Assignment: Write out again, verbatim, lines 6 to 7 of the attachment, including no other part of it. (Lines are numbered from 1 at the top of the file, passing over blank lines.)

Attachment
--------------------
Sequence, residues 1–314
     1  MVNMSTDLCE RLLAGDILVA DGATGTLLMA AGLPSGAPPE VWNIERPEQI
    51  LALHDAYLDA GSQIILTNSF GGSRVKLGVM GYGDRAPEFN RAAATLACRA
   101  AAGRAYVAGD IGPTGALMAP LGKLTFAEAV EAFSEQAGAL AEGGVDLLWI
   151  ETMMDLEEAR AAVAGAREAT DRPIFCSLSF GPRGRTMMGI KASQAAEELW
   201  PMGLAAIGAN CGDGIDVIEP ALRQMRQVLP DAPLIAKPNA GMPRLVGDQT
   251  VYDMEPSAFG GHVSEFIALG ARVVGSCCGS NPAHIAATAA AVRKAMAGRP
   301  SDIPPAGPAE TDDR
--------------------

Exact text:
   201  PMGLAAIGAN CGDGIDVIEP ALRQMRQVLP DAPLIAKPNA GMPRLVGDQT
   251  VYDMEPSAFG GHVSEFIALG ARVVGSCCGS NPAHIAATAA AVRKAMAGRP